Most clients are very busy doing what they do best, running their companies, staying active during retirement, mixing the two, etc.! Unfortunately, many countries in Latin America and throughout the Third world, lack true professional advice – when it comes to benefits of their current health plans. Many PRIVATE plans offer ONLY networks of hospitals and doctors, limiting you and your family’s choices. Do you really care about choice – when it comes to you or your family’s life or death medical decisions? I hope so…. Do you want to go to John’s Hopkins, Mayo Clinic, and Cleveland Clinic or do you want to be forced to stay in a NETWORK?

This is known as Freedom of Choice. Your Freedom to Choose the Best!

Many residents in third world Latin American countries will travel to the United States for major surgeries and treatments. They will then return to their home country to continue treatment, if their country is equipped to assist the patient, if not, several trips a year will be planned to revisit the States.

No Limitations is truly the only way you and your family as policy holders can really begin controlling the quality of medical attention.

Note: International Medical plans continue to evolve, and the best match is those that offer contracted facilities as well as allow Freedom to choose.

Important Questions & Answers about Private International Health coverage:

Question: As an International citizen, will benefits cease when I reach a certain age?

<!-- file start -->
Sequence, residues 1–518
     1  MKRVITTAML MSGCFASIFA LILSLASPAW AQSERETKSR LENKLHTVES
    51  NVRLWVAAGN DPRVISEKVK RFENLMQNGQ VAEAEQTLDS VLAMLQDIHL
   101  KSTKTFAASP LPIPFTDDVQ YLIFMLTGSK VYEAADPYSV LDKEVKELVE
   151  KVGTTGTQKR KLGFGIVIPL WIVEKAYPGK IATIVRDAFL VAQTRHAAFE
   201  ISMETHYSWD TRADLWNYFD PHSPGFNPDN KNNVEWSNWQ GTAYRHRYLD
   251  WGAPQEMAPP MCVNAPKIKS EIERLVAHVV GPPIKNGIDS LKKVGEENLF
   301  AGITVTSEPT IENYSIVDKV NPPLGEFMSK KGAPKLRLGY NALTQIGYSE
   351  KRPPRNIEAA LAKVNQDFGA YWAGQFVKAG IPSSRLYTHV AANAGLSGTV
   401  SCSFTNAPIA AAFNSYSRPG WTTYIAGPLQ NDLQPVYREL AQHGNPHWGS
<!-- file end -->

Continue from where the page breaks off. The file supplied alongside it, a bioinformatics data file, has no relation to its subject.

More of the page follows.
Answer: Be careful, some plans discontinue after age 70 or 75.  offers policies that will cover you for LIFE.

Question: What are the benefits of having a Group or Corporate health coverage?

Answer: Many Carriers offer a corporate policy that will cover a minimum of 5 employees to as many as 50+ employees. This plan is very attractive because all premium rates are identical. If you are 55 and the average age of the group is age 35, you will pay the same average premium as an employee age 35. This program is a great incentive or bonus to retain key executives or employees.

Question: What type of Quality, Ratings and History do the companies have?

Answer: offers you and your family access to the highest quality International Private Health Insurance, (Individual, Corporate or Hybrid Association), programs and companies in the world.

Question: Which plan is right for my family and me?

Answer: Most plans offer complete Freedom to choose any doctor or hospital in the world. Once we know the ages, country of citizenship, country of residence, if anyone takes prescribed medications and their daily dosage and preexisting conditions…we can customize a plan for you, your family or company within 48 hours.